The first time we saw Campania Island was when we departed our anchorage in Surf Inlet in Northern British Columbia, heading due west on a trip to Haida Gwaii. As we passed Campania Island, we commented on how the island reminded us of the movie, Jurassic Park – the steep, knobby mountain tops and deep valleys, combined with forested areas and open spaces excited the imagination of a world yet to be discovered.
A couple years later, we had the opportunity to stop at Campania Island on our way north to Southeast Alaska. Instead of taking the commonly traveled inside route up Princess Royal Channel and Grenville Channel (affectionately known as “the ditch”), we took the less traveled outside route up Laredo, Estevan, and Principe Channels, running along the eastern edge of Hecate Strait. The west side of Northern B.C.’s coast is little traveled and remains mostly undiscovered by pleasure boaters.
While Campania Island is somewhat exposed to Hecate Strait near Caamano Sound, it is also sheltered between Gil Island to the east, the Estevan Group of islands to the west, and Banks and Pitt Islands to the north. Seas can vary from choppy, with wind against current on the southwest end of Campania, to glassy smooth for an easy cruise north. There are a number of well protected anchorages on the west side of the Island, which are incredibly beautiful. We chose Weinberg Inlet for an overnight stop as we made our way north.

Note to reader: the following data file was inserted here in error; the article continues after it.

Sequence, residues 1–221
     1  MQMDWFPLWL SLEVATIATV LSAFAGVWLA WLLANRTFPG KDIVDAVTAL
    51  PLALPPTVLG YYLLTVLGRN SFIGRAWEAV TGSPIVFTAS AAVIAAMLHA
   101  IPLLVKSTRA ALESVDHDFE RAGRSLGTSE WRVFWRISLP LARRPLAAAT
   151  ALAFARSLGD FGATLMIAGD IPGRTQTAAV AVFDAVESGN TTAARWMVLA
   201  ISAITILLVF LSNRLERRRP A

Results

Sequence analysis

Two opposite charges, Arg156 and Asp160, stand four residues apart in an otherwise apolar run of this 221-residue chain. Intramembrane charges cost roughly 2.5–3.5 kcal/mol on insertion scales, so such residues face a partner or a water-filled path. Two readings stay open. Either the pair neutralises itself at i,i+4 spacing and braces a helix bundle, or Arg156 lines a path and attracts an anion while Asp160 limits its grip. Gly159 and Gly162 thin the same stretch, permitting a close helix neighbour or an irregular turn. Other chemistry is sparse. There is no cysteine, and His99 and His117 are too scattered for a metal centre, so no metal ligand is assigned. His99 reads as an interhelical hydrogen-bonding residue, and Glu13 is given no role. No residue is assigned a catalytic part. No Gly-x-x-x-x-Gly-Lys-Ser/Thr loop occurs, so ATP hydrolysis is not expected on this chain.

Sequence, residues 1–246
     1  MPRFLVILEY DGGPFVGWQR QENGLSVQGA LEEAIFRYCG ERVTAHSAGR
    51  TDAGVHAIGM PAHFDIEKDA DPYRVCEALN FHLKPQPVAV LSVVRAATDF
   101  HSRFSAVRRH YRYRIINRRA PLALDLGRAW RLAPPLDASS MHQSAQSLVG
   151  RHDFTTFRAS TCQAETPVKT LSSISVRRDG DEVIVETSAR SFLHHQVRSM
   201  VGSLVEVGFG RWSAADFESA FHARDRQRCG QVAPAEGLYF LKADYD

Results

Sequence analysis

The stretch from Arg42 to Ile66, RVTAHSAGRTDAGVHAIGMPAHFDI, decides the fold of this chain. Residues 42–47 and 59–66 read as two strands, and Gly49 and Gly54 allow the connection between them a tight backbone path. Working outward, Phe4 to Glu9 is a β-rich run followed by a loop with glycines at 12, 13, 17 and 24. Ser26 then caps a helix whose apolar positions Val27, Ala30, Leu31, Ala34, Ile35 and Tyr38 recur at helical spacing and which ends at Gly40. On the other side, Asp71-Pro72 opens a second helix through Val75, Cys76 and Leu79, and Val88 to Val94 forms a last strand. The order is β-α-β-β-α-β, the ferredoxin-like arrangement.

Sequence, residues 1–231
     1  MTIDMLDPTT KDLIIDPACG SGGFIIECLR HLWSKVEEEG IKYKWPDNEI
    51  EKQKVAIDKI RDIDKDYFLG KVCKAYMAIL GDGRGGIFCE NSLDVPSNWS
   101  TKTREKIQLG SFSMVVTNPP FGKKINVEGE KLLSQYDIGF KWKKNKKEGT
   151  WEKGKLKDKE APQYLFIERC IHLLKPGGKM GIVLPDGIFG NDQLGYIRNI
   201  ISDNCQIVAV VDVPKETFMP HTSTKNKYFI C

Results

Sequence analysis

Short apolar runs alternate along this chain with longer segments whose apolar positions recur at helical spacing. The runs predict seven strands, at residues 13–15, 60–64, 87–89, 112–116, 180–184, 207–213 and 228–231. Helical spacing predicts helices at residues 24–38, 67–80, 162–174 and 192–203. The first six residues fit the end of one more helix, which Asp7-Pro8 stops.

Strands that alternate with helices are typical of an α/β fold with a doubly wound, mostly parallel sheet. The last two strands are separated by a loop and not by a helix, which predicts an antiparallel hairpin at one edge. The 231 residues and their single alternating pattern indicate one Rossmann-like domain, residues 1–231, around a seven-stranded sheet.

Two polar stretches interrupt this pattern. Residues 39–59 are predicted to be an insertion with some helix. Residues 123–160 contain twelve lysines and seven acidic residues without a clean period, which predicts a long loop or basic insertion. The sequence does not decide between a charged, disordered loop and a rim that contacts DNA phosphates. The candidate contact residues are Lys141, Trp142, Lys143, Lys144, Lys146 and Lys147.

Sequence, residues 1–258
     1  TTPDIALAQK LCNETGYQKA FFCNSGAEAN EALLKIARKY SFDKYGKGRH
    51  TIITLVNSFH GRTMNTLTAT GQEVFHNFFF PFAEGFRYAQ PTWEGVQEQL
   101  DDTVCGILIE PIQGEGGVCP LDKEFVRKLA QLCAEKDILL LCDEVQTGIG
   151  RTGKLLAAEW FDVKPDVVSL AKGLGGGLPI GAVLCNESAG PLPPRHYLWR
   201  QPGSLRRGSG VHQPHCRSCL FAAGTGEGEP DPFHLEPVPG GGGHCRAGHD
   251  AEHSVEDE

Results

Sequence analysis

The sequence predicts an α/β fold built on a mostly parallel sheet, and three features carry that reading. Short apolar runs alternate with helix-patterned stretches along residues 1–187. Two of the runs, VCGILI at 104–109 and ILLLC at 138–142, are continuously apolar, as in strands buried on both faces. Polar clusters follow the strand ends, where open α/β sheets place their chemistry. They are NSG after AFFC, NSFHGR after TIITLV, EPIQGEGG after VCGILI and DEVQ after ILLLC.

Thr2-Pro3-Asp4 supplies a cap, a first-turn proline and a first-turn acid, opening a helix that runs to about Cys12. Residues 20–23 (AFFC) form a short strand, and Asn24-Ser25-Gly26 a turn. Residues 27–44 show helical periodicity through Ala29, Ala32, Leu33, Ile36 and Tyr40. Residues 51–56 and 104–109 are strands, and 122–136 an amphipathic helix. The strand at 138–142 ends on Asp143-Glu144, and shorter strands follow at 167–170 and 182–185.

Stunned by the beauty of Weinberg Inlet, we made our way through the twists and turns of the Inlet’s labyrinth of hidden bays and coves. Traveling through Weinberg Inlet is like visiting someone’s beautiful rock garden, scattered with wind-swept trees and glacier deposits of large boulders, backed by cone-shaped mountains of the Island’s interior. Smaller scarred granite mountain tops and granite rock faces are found throughout the Inlet. If it weren’t for GPS, one could get lost in this wonderland-like maze. When exploring by dinghy or kayak, be sure you have a chart plotter along to find your way back to the mother ship.
Other anchoring opportunities can be found farther south in McMicking Inlet, tucked behind the long-fractured rock finger of Jewsbury Peninsula, providing protection to the numerous coves and small white sandy beaches found here. Although there are no established trails on Campania, it is reported that hiking can be enjoyed through the rolling granite hills and scrub forest on the west side of the Island. Be aware that wolf packs inhabit the Island, along with colonies of sea birds, the modern-day version of Jurassic Park.
If you are looking for remote, less-traveled cruising grounds comparable to Haida Gwaii, consider visiting Campania Island, one of the most remote sections of British Columbia’s coastline. Those that have visited here, leave with indelible impressions.